1. 2. 3. 4. 5. Robert M. Veatch - Medical Ethics Ronald Munson - INTERVENTION & REFLECTION: Basic Issues in Medical Ethics B.M. Ashley &K.D. O’Rourke - ETHICS in Health Care Florentino T. Timbreza - Bioethics & Moral Decisions Michael A. Monge, M.D. - Ethical Practices in HEALTH & DISEASES INTRODUCTION

GENETIC ENGINEERING/GENETIC RECONSTRUCTION: 1. Direct intervention in the genetic make-up of a living being, the replacement of genes or the addition of new genes to the genetic “code” or “blueprint” of an organism. (Varga: 82) Involves the whole process of altering genes, the building blocks of life, in order to achieve a radically, or a completely new, human being. (Overduinn & Fleming: 172-173) The effort to repair genetic defects at their genotypic source in the genes and chromosomes rather than in their phenotypic effects and, further, to control and produce at will new combinations of genetic traits in offspring. (Ashley/O’Rourke) (1)



GENETIC ENGINEERING includes: 1. 2. 3. 4. 5. 6. 7. 8. 9. 10. 11. 12. 13. 14. Genetic testing Genetic screening Prenatal diagnosis Genetic control In vitro fertilization Embryo transfer Cloning Sperm and zygote banking Sex selection Surrogacy Organic Transplant Contraception Amniocentesis Artificial insemination

‘Genetic Engineering: Its morality and value to biotechnology:
• Scientists can take useful genes from plant and animal cells and transfer them to microorganisms such as yeast and bacteria that are easy to grow in large quantities. Products that once are available only in small amounts from an animal or plant are then available in large quantities from rapidly growing microbes. Ex. – the use of genetically engineered bacteria to produce human insulin for treating diabetes. (2)

• Can be useful for animal and plant breeders. G.E. allows desirable genes from one plant, animal, or microorganism to be incorporated into an unrelated species, thus, avoiding the constraints of normal cross breeding. A wider range of traits is available to the breeders and these traits can be incorporated more quickly and more reliably into target species than possible with conventional methods. Ethical consideration: Cloning, freezing of embryos, post mortem insemination, and sperm banking or cryopreservation constitute an offense against the respect due to human beings by manipulating them. APPLICATION OF ETHICAL THEORIES: Pope John Paul II - “a strictly therapeutic intervention whose explicit objective is the healing of various maladies such as those stemming from chromosomal defects will, in principle, be considered desirable, provided it is directed to the true promotion of the personal well-being of the individual without doing harm to his integrity or worsening his conditions of life. Such intervention would indeed fall within the logic of the Christian moral tradition.” (3)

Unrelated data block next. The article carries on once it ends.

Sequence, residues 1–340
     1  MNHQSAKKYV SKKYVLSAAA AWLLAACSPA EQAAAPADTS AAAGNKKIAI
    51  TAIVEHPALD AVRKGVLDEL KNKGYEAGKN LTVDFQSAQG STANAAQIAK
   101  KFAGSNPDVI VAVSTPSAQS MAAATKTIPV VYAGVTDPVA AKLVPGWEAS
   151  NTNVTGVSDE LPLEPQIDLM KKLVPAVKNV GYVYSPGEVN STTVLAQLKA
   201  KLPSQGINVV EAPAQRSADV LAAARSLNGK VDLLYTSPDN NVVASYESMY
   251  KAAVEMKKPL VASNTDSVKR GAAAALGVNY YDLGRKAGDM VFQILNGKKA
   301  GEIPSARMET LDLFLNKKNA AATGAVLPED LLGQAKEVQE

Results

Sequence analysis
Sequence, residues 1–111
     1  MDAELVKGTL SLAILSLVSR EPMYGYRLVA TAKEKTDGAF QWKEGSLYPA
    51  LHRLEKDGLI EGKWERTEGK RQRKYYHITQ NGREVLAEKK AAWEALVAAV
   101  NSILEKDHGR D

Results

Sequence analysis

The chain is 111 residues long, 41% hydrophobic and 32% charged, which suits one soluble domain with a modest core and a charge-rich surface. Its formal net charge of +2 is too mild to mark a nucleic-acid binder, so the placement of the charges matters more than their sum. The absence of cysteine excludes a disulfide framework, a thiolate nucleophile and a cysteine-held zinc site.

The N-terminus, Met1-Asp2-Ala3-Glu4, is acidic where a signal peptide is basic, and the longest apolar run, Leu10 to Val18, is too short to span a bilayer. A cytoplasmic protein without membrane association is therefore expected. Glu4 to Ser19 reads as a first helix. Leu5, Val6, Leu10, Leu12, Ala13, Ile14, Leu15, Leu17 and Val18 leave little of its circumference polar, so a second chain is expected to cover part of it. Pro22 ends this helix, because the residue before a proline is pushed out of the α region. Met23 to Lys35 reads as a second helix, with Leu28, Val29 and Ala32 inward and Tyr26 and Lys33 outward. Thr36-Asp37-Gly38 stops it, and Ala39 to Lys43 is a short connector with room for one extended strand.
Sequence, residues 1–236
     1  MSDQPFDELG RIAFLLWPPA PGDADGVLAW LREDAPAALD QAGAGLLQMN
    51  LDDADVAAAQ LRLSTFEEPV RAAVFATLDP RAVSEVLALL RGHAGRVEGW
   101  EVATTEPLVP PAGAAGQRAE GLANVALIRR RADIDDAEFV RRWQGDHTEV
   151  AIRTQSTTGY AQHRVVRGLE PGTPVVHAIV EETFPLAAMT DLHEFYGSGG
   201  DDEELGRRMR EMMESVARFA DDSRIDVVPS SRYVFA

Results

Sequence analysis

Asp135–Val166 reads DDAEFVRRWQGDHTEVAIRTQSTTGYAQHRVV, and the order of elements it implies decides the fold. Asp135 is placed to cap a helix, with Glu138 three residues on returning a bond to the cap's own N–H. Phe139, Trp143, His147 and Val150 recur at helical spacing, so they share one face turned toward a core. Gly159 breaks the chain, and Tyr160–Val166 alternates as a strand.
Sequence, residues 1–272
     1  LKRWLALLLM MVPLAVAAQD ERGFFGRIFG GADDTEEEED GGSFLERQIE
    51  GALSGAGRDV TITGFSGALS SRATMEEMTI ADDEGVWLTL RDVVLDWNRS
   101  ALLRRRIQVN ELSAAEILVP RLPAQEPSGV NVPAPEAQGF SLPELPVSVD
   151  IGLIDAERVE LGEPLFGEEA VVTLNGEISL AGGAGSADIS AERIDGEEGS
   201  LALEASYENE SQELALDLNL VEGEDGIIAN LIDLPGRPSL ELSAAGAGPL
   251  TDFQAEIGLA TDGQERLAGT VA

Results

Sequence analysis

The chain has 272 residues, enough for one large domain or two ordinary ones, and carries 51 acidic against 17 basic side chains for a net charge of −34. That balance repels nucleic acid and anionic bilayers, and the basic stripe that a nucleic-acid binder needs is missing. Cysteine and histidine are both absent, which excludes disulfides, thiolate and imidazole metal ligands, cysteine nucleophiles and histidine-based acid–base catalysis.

Genetic testing Chromosomal manipulations or interventions are contrary to the personal dignity of the human being and his or her integrity and identity. Prenatal diagnosis It is done with the purpose of aborting the fetus if it is found to be deformed, Genetic screening It is to be condemned as a violation of the unborn child’s right to life. Genetic control. In vitro fertilization Embryo transfer Constitute an offense against the respect due to human beings by manipulating them. contrary to the unity of marriage and to the dignity of the procreation of the human person



4. 5. 6. 7. 8. 9. 10.

Cloning Sperm & zygote banking Sex selection Surrogacy

11. Organic Transplant


MORAL PROBLEMS AND QUESTIONS 1. With Rawl’s concept of justice as “fairness”, or “giving one one’s due”, should we regard sex exchange operations on transsexuals a way of granting what is due to them therapeutically? “What is due” to a transsexual is recognizing his/her true feelings, e.g., a male with the feelings of a female, and vice versa; hence, it seems a sex change would do justice to him or her. Discuss the moral issue of this matter. Suppose you are born without a uterus, a natural defect – i.e., something “unnatural” for a human being; you cannot carry a child, which is again “unnatural” for a woman. Your ovaries, however, are functional –i.e., you produce eggs. Modern medical science has a technological solution to your “natural defect” or incapacity to carry a child, namely: surrogate motherhood. Would you or would you not undertake the process? Justify your stand on this issue. Some moralists contend of tampering that medical interventions (e.g., AIH, AID, etc.) are ways of tampering with nature. Should we not rather view these means as “correcting” natural defect (e.g., obstruction in the fallopian tube and other forms of infertility) which is “unnatural” so as to make it “natural”? Should it not be our moral obligation to correct the “unnatural” in compliance with the dictates of natural moral law? (5)



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